Chott el Djerid (Arabic: شط الجريد Šaṭṭ al-Ǧarīd), also spelt Shaţţ al Jarīd, Sciott Gerid, and Shott el Jerid, is a large endorheic salt lake in southern Tunisia. The bottom of Chott el Djerid is located between 10 and 25 meters above sea level. Roughly in the shape of a tadpole, with a width of 20 km (12 mi) at its narrowest point, it reaches 250 km (160 mi) in overall length. At times, parts of it appear in various shades of white, green and purple. The narrow eastward inlet of the chott is also known as Chott el Fejej.
It is the largest salt pan of the Sahara with a surface area of over 7,000 sq km (some sources state 5,000 sq km). Due to the extreme climate with annual rainfall of only 100 mm and temperatures reaching 50 °C, water evaporates from the lake. In summer Chott el Djerid is almost entirely dried up, and numerous fata morganas occur. During winter, a small tributary of water can be seen discharging into the lake.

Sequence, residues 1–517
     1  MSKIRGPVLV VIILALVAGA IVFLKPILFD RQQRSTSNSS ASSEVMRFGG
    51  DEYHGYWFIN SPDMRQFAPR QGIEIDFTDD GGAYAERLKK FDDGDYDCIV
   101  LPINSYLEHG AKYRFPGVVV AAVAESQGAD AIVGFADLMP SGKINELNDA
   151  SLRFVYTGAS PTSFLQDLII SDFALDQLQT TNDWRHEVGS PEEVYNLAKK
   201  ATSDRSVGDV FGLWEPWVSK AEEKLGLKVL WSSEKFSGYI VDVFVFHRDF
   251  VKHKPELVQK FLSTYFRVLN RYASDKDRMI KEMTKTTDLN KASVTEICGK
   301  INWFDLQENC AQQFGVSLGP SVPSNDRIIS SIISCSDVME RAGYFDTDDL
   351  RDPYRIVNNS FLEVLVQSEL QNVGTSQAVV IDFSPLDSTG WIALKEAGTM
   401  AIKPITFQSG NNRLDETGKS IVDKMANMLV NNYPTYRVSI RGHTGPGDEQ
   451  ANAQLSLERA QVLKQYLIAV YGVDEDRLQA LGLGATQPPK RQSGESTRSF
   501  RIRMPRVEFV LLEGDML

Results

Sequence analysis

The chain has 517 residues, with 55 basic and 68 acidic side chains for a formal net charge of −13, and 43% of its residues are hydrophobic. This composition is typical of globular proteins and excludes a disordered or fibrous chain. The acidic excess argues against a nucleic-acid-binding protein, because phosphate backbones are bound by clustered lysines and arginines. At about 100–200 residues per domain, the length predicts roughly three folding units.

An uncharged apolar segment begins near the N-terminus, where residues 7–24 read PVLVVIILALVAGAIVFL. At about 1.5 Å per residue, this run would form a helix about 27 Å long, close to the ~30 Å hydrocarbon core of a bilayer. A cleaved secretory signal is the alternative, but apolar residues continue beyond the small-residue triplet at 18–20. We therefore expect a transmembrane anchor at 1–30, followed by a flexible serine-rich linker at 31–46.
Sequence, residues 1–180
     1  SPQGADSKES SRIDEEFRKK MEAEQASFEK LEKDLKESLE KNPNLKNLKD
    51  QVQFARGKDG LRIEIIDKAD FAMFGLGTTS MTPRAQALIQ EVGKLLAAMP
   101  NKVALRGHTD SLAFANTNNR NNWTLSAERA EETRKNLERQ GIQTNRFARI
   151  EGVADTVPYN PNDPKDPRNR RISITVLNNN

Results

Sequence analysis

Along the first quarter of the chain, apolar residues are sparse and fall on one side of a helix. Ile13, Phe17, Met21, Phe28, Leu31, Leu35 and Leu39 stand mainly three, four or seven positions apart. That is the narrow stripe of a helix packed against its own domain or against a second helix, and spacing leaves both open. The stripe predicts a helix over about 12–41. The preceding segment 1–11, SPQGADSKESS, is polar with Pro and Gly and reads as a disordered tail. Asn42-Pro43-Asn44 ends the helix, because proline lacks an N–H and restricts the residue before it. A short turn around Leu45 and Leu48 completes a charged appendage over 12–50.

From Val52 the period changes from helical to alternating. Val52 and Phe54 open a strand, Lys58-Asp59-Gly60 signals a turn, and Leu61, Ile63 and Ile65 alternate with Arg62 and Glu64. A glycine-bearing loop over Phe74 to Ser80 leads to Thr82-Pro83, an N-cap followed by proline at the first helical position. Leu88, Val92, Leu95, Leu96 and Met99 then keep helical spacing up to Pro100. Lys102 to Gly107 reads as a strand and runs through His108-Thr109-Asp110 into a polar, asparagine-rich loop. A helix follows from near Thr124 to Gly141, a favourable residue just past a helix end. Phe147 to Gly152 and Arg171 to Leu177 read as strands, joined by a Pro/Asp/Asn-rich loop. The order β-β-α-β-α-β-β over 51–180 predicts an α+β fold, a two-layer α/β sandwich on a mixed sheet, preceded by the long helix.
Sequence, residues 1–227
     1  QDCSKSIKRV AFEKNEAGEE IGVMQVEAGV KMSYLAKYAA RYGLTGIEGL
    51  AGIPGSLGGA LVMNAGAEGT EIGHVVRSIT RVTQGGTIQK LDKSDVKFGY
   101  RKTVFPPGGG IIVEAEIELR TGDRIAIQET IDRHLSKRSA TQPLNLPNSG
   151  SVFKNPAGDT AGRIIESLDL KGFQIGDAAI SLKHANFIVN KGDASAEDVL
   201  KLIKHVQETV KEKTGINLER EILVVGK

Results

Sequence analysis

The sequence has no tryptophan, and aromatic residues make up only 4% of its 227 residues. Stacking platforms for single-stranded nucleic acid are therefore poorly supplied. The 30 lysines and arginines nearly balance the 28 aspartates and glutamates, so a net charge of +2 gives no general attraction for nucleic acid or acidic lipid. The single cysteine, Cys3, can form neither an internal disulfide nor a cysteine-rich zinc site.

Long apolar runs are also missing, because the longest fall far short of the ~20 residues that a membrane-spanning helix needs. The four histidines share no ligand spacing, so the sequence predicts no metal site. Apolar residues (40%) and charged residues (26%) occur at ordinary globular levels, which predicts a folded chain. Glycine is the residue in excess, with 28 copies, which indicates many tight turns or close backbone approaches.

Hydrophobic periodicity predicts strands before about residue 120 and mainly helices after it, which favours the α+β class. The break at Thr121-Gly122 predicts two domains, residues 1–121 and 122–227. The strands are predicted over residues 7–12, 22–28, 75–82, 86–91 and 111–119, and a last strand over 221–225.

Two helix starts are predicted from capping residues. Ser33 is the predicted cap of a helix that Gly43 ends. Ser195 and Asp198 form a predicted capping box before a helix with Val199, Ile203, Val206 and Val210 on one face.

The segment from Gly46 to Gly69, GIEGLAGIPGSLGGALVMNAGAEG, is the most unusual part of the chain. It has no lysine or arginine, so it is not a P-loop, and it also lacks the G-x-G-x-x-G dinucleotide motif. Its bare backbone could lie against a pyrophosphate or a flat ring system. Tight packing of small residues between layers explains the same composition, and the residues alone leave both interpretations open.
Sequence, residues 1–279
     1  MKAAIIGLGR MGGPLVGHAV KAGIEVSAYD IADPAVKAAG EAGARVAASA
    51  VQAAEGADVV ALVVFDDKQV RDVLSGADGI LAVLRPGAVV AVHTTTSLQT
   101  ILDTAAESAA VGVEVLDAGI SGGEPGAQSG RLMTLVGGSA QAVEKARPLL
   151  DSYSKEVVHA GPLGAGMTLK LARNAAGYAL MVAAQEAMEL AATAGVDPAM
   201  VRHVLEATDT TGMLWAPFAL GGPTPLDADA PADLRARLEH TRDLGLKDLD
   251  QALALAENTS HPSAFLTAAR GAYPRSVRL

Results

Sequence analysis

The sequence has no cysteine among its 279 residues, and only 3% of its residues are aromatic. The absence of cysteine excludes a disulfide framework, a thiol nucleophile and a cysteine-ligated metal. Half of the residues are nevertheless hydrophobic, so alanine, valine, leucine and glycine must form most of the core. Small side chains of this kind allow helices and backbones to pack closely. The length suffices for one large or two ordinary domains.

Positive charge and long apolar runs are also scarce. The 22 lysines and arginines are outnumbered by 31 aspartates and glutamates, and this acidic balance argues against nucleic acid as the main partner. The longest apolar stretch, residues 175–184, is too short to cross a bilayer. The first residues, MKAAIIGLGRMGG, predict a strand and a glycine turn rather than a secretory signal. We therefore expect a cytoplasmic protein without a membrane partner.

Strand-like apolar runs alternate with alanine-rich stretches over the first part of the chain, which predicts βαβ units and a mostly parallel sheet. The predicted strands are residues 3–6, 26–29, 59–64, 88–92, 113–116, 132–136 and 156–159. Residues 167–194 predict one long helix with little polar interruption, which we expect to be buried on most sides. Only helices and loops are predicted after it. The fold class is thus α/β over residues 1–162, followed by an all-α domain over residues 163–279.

The lake can be crossed by foot and even by car, but this is very dangerous since the salt crust is not always firm. During winter, when the lake is full, it can be crossed by boat. Piles of salt at its edges are collected for salt production processing.